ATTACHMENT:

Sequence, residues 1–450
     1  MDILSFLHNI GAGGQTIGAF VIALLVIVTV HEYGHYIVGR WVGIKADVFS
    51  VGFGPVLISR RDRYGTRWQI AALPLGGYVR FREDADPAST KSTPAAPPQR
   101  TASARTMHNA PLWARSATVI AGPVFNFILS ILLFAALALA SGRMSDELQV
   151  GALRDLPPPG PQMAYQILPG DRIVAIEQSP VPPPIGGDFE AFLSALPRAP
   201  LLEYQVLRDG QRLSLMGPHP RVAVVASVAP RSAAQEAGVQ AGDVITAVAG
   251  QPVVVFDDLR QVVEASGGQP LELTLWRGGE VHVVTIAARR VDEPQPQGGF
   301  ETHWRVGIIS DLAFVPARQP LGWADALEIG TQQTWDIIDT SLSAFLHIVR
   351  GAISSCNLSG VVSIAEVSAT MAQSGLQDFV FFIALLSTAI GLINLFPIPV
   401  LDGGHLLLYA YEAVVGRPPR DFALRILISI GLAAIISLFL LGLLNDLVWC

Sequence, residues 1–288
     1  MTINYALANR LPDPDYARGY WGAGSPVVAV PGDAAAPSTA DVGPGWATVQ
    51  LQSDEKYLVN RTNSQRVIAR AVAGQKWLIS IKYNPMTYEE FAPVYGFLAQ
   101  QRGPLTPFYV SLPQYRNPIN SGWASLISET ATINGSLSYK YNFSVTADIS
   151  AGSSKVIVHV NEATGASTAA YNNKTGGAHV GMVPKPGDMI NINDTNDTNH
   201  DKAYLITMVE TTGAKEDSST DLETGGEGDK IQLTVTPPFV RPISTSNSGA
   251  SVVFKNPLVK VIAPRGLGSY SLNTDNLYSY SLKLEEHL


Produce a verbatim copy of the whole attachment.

Sequence, residues 1–450
     1  MDILSFLHNI GAGGQTIGAF VIALLVIVTV HEYGHYIVGR WVGIKADVFS
    51  VGFGPVLISR RDRYGTRWQI AALPLGGYVR FREDADPAST KSTPAAPPQR
   101  TASARTMHNA PLWARSATVI AGPVFNFILS ILLFAALALA SGRMSDELQV
   151  GALRDLPPPG PQMAYQILPG DRIVAIEQSP VPPPIGGDFE AFLSALPRAP
   201  LLEYQVLRDG QRLSLMGPHP RVAVVASVAP RSAAQEAGVQ AGDVITAVAG
   251  QPVVVFDDLR QVVEASGGQP LELTLWRGGE VHVVTIAARR VDEPQPQGGF
   301  ETHWRVGIIS DLAFVPARQP LGWADALEIG TQQTWDIIDT SLSAFLHIVR
   351  GAISSCNLSG VVSIAEVSAT MAQSGLQDFV FFIALLSTAI GLINLFPIPV
   401  LDGGHLLLYA YEAVVGRPPR DFALRILISI GLAAIISLFL LGLLNDLVWC

Sequence, residues 1–288
     1  MTINYALANR LPDPDYARGY WGAGSPVVAV PGDAAAPSTA DVGPGWATVQ
    51  LQSDEKYLVN RTNSQRVIAR AVAGQKWLIS IKYNPMTYEE FAPVYGFLAQ
   101  QRGPLTPFYV SLPQYRNPIN SGWASLISET ATINGSLSYK YNFSVTADIS
   151  AGSSKVIVHV NEATGASTAA YNNKTGGAHV GMVPKPGDMI NINDTNDTNH
   201  DKAYLITMVE TTGAKEDSST DLETGGEGDK IQLTVTPPFV RPISTSNSGA
   251  SVVFKNPLVK VIAPRGLGSY SLNTDNLYSY SLKLEEHL